From Surviving to Thriving

Today marks exactly three years since my four children and I stepped off a plane from Britain to join my husband and their father and embark on a new life in America.  Three years is a weird way-marker because in some ways it feels like we have not been here that long and in other ways it feels like we are way more established here than we would be after a mere three years.  We are inbetweeners.

Looking back, I think the first year of life here was very much about just surviving.  Back then I was so focused on getting through each day and each new challenge that I could not distance myself enough to have adequate perspective to recognise that we were just surviving.  I was just putting one foot in front of the other, sometimes stumbling, but mostly moving forwards.  However, so much has happened in these first three years that have helped us put down roots and start to feel settled here.  We bought a house – which was a massive deal for starting to “belong” – and everyone got settled into rhythms and routines, adjusted to new schools and work places, made new friends, developed new traditions to meld with the old ones we imported from Scotland, passed driving tests, and the children officially became American citizens.  Now I alone am the only Green Card holder, the only alien.

All of these things mean that we are well out of survival territory.  But nor are we quite thriving here yet or at least not in every area of life.  The transition takes far, far longer than one could ever anticipate.  It’s a long journey.  And there are road bumps.  And tolls.  And wrong turns that need to be corrected.  We are still moving towards the same fixed destination but it is just taking a bit longer than we expected.  So, to mix my metaphors, we are in this weird No Man’s Land between Surviving and Thriving.

Long time readers might recall my Lego nightmare and how it became a metaphor for our immigration experience.  I am happy to report that most of the Lego sets have now been rebuilt and are displayed on shelves and played with regularly.  However, there are a few sets left to build and there are some that are going to be extremely challenging to rebuild because it seems that some critical pieces are missing.  We will get there with the Lego and with the feeling of being settled enough to thrive.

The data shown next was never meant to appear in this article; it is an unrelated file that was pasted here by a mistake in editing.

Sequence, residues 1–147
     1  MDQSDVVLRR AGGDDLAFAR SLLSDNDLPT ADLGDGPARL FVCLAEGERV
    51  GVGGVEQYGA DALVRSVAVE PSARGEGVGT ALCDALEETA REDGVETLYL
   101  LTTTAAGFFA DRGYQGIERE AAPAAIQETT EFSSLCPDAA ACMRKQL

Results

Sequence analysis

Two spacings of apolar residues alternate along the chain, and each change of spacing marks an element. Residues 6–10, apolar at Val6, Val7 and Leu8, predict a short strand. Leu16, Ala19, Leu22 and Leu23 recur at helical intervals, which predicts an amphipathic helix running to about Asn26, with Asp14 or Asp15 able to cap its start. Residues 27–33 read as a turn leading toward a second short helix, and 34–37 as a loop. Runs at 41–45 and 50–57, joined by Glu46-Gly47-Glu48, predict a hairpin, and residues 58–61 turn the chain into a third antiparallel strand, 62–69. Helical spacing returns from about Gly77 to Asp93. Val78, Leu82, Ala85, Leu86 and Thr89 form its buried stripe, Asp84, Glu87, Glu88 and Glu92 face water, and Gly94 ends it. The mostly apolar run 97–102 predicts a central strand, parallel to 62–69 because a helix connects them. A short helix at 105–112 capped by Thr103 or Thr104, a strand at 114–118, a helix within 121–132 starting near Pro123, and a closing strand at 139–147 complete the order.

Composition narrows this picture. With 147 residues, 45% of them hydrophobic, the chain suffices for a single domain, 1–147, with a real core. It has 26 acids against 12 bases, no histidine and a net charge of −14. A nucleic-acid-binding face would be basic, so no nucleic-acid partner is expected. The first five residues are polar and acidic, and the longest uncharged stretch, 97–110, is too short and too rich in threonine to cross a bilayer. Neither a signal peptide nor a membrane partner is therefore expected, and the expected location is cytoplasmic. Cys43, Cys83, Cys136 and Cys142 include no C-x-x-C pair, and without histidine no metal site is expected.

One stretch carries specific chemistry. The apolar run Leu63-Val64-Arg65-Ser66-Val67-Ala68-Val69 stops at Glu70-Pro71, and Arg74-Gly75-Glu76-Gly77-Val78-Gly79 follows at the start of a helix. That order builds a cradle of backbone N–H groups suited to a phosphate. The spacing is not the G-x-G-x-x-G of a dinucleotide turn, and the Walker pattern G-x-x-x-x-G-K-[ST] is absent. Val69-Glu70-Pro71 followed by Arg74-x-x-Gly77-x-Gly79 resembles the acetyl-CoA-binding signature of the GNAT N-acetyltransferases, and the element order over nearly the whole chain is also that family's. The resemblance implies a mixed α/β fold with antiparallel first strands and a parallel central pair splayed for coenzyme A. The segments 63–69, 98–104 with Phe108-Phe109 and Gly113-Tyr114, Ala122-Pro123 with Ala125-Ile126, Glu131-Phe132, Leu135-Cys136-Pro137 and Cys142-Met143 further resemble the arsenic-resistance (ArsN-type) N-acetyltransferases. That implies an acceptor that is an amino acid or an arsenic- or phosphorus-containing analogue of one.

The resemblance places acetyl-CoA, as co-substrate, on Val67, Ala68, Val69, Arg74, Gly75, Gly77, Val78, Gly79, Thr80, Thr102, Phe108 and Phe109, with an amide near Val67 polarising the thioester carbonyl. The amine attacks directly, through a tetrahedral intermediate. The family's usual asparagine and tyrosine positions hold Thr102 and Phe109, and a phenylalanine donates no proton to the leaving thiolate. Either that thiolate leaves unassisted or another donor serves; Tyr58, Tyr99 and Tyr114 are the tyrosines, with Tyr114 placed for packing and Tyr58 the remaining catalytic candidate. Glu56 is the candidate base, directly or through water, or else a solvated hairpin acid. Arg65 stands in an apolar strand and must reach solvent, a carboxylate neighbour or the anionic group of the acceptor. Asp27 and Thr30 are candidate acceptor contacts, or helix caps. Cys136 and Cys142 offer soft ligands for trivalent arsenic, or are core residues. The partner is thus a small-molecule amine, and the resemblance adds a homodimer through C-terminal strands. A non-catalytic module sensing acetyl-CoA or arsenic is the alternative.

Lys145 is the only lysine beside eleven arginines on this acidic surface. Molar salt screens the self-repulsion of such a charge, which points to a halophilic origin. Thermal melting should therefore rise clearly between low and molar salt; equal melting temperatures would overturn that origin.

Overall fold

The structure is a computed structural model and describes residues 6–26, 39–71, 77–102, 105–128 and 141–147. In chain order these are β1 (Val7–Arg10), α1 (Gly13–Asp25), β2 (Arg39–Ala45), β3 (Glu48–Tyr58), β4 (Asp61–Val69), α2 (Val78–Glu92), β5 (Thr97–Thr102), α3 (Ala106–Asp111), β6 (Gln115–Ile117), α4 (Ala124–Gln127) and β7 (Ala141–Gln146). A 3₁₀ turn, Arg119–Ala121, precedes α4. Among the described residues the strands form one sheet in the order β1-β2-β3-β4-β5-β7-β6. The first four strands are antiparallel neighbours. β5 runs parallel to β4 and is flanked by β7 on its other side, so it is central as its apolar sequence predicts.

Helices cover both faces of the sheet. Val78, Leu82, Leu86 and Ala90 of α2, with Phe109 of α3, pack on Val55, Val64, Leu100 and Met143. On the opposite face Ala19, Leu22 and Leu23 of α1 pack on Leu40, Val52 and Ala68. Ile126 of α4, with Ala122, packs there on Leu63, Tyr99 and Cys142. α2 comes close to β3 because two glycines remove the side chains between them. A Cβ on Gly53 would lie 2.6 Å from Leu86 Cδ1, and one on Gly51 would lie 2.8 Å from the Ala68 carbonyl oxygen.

Lemonade Stand

This Labour Day weekend, my four boys got to experience an American tradition: running a lemonade stand.  They suggested the idea and we supported it.  This was not something they would have experienced back home in Scotland so we were keen to let them do something that their born-and-bred American peers have probably done.

They made a gallon of lemonade from scratch, all taking turns at squeezing the juice from the lemons using the citrus reamer.  I think they liked how aggressive they were getting to be with a kitchen utensil.  I am given to understand now that actually the American tradition for lemonade stands is to use a powder mix as the base of the drink but never mind.  They had never made lemonade from scratch before so that just added to the joy of it all being a new experience.  I also baked chocolate brownies for them to sell.



We left them to come up with the promotional posters and to decide on things like the price points.  We provided them with a float and showed them how to set out their income and expenditure accounts, a basic version of course, and then it was time for them to set up their stall.  A Saturday of a holiday weekend and with a storm predicted was always going to be slow going so I used the modern grapevine – Facebook – to send a message around the neighbourhood that they had set up stall and were selling freshly squeezed lemonade and brownies.  What was lovely was that so many neighbours stopped by to give them some support and encouragement, financial and verbal, but they also got some passing trade from cars driving through the neighbourhood and from our mail man.


It was, however, still pretty slow going and so they learned something about the boredom involved in certain retail ventures, about handling a rush period alongside stretches of inactivity, and finally about the math of determining profit.  They actually made a surprising amount for a couple of hours of work and were quite pleased with their earnings.  I think they had hoped to rake in much more, however, so it will be interesting to see if they wish to repeat the exercise next summer and – if so – what they might do differently.  It was fun to see them experiencing something new about America, something that is a tradition for many American families, but I mostly enjoyed seeing them work cooperatively as a team and having to interact with other people without having we adults hovering as a crutch.  I like to think they have learned some life skills from the whole experience.  They also got to eat lots of leftover brownies.